POLK COUNTY — As a former caregiver, Elijah Friday noticed a crack in the system. After 15 years of working with many people of different health backgrounds, he realized what they all had in common was a lack of health care assistance.
Now a gerontologist and health educator for the aging population, Friday founded the nonprofit Aging With Support to help seniors navigate their medical benefits.
“It was from there I decided to devote myself to older adults in need, with a focus on rural areas,” the 35-year-old Friday said. “Rural communities have fallen short of essential health care access and our organization advocates for better and quality care in those hidden regions.”
He made Polk County the center for providing those services. Since establishing Aging with Support in February 2019, Friday said they have served more than 500 residents ages 65 and older in Polk, Yamhill, Lincoln and Marion counties.
“We were quite successful for such a small entity,” Friday said. “After we meet our clients needs, we survey them and a majority of them reported they were highly satisfied.”
Then the coronavirus pandemic struck, hampering the services Friday and his team provided. Working with a population vulnerable to COVID-19, Friday said they had the daunting task of transitioning their services, and curtailing their in-person contact.
“The services we provide requires us to be hands on. It’s kind of difficult to do that one-on-one, providing transportation, being a resource for people,” Friday said. “We have been able do continue some of that over the phone, but it’s been challenging.”
To help individuals and businesses through the economic shutdown, the U.S. Congress passed the CARES Act in March, 2020, a stimulius package totaling $2.2 trillion. The state of Oregon received $1.4 billion in its share of the funds. Gov. Kate Brown set aside $62 million of these dollars to create the Oregon Cares Fund, designed to specifically help Black-owned businesses through the crisis.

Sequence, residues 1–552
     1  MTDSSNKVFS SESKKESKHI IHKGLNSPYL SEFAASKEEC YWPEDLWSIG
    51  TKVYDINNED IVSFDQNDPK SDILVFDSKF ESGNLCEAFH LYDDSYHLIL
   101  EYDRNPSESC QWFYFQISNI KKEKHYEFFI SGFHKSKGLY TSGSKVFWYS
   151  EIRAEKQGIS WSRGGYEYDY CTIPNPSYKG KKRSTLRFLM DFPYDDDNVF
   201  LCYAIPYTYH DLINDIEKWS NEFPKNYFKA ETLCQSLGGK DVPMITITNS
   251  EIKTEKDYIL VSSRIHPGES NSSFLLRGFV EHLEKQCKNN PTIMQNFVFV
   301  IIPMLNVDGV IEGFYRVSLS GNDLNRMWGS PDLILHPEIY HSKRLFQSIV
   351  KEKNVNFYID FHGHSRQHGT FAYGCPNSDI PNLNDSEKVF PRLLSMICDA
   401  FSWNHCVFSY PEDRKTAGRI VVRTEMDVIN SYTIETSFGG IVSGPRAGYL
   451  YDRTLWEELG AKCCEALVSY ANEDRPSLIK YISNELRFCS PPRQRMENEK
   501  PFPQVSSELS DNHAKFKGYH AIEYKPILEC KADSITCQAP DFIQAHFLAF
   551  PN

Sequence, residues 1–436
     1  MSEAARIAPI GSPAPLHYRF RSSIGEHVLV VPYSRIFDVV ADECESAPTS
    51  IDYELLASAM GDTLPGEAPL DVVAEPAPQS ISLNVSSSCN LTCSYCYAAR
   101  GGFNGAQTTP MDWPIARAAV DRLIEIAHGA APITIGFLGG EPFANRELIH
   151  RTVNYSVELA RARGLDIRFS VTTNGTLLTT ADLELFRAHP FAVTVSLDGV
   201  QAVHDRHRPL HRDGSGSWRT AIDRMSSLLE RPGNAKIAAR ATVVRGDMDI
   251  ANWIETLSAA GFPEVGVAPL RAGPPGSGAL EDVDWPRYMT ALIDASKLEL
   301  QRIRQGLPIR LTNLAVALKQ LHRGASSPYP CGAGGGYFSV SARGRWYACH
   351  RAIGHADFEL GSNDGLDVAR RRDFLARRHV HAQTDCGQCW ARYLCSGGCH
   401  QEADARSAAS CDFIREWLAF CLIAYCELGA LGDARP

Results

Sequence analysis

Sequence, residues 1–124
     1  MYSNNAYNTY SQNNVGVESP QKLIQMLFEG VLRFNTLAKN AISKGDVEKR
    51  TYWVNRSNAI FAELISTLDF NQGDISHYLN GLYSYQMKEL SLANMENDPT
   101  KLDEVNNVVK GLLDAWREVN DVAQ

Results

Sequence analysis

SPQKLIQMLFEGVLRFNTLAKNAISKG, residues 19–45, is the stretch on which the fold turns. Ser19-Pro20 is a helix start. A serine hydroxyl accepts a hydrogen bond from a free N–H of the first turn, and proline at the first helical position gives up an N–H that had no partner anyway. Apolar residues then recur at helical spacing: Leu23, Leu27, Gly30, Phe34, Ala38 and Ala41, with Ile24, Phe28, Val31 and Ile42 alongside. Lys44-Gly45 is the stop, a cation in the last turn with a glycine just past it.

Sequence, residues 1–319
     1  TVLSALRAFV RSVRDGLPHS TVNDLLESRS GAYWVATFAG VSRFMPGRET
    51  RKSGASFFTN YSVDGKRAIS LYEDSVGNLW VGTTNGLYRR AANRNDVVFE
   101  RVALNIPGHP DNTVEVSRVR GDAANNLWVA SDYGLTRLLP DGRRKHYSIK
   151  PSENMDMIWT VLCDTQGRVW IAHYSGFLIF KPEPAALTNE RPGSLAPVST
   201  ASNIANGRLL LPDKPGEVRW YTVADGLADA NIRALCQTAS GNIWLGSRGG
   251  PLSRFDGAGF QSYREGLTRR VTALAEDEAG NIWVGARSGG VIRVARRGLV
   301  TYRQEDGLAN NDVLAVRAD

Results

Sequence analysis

The Council of Trust, a group of Black leaders across state, was tapped to help oversee and administer the funds. Sheleswau Crier, a member of the Salem based organization, said it was vitally important the state set aside the funds that would help an underrepresented segment of the population.
“Historically, Black-owned businesses don’t have the same access to venture capitalists, to loans, or even the relief funds from earlier in this year,” Crier said. “Black-owned businesses were less likely to receive (CARES Act) funds than other businesses across the state. The Oregon Cares Fund makes a huge difference. We applaud the state for making this effort to make sure to help the most vulnerable, as COVID hits the Black community at a disproportionate rate.”
Grants were awarded on a rolling basis starting early October. So far, the Oregon Cares Fund has awarded $49 million to 12,000 individuals and families and more than 400 businesses and nonprofits across Oregon. In all, $154,180 has been awarded to 55 Polk county residents and one non-profit.
Friday said Aging with Support received a little over $30,000 from the Oregon Cares Fund, which they put toward purchasing PPEs for their volunteers, to protect them and their clients, wages and other programs.
“It was important the state recognized that Black businesses and the Black community were most effected by the crisis and addressed a way to rise up from that adversity,” Friday said.
Going into the new year, Friday said the hope for Aging With Support is to continue to build its clientele, expand its services, and rebuild those services that had to halt due to the pandemic. Friday said that includes engaging with more with community food banks for their clientele who cannot utilize those in-person services.
“I strongly believe in our mission statement and acknowledge the value of aging adults by providing them the lifelong health care tools and resources they need,” Friday added.
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